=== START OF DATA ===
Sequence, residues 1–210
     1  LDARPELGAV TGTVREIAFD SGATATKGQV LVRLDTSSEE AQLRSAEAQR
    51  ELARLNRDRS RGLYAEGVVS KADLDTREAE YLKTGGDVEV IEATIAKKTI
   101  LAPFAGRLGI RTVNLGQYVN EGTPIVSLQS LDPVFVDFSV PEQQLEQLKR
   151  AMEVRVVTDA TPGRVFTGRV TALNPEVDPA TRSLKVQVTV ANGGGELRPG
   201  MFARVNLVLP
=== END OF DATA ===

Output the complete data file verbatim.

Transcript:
Sequence, residues 1–210
     1  LDARPELGAV TGTVREIAFD SGATATKGQV LVRLDTSSEE AQLRSAEAQR
    51  ELARLNRDRS RGLYAEGVVS KADLDTREAE YLKTGGDVEV IEATIAKKTI
   101  LAPFAGRLGI RTVNLGQYVN EGTPIVSLQS LDPVFVDFSV PEQQLEQLKR
   151  AMEVRVVTDA TPGRVFTGRV TALNPEVDPA TRSLKVQVTV ANGGGELRPG
   201  MFARVNLVLP